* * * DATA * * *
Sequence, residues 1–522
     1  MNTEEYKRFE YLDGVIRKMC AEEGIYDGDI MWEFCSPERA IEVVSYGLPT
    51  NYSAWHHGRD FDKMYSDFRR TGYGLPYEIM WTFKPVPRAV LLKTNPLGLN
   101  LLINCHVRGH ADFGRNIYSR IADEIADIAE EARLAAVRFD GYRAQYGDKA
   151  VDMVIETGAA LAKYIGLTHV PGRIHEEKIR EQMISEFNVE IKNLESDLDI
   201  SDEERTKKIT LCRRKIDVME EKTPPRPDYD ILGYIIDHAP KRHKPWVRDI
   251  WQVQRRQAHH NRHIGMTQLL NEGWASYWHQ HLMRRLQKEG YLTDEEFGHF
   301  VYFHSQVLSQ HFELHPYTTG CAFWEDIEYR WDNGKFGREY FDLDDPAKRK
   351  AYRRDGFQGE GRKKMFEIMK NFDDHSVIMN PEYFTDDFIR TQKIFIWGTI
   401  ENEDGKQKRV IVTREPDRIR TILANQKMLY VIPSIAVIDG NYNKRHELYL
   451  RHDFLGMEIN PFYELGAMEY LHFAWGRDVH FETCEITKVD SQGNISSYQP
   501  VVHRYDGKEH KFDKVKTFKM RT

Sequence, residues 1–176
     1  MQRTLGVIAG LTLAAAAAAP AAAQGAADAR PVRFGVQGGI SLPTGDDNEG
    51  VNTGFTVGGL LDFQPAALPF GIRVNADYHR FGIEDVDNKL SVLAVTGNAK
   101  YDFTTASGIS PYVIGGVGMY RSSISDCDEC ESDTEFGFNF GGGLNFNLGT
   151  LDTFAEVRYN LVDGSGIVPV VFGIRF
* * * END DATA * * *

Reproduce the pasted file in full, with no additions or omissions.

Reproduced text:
Sequence, residues 1–522
     1  MNTEEYKRFE YLDGVIRKMC AEEGIYDGDI MWEFCSPERA IEVVSYGLPT
    51  NYSAWHHGRD FDKMYSDFRR TGYGLPYEIM WTFKPVPRAV LLKTNPLGLN
   101  LLINCHVRGH ADFGRNIYSR IADEIADIAE EARLAAVRFD GYRAQYGDKA
   151  VDMVIETGAA LAKYIGLTHV PGRIHEEKIR EQMISEFNVE IKNLESDLDI
   201  SDEERTKKIT LCRRKIDVME EKTPPRPDYD ILGYIIDHAP KRHKPWVRDI
   251  WQVQRRQAHH NRHIGMTQLL NEGWASYWHQ HLMRRLQKEG YLTDEEFGHF
   301  VYFHSQVLSQ HFELHPYTTG CAFWEDIEYR WDNGKFGREY FDLDDPAKRK
   351  AYRRDGFQGE GRKKMFEIMK NFDDHSVIMN PEYFTDDFIR TQKIFIWGTI
   401  ENEDGKQKRV IVTREPDRIR TILANQKMLY VIPSIAVIDG NYNKRHELYL
   451  RHDFLGMEIN PFYELGAMEY LHFAWGRDVH FETCEITKVD SQGNISSYQP
   501  VVHRYDGKEH KFDKVKTFKM RT

Sequence, residues 1–176
     1  MQRTLGVIAG LTLAAAAAAP AAAQGAADAR PVRFGVQGGI SLPTGDDNEG
    51  VNTGFTVGGL LDFQPAALPF GIRVNADYHR FGIEDVDNKL SVLAVTGNAK
   101  YDFTTASGIS PYVIGGVGMY RSSISDCDEC ESDTEFGFNF GGGLNFNLGT
   151  LDTFAEVRYN LVDGSGIVPV VFGIRF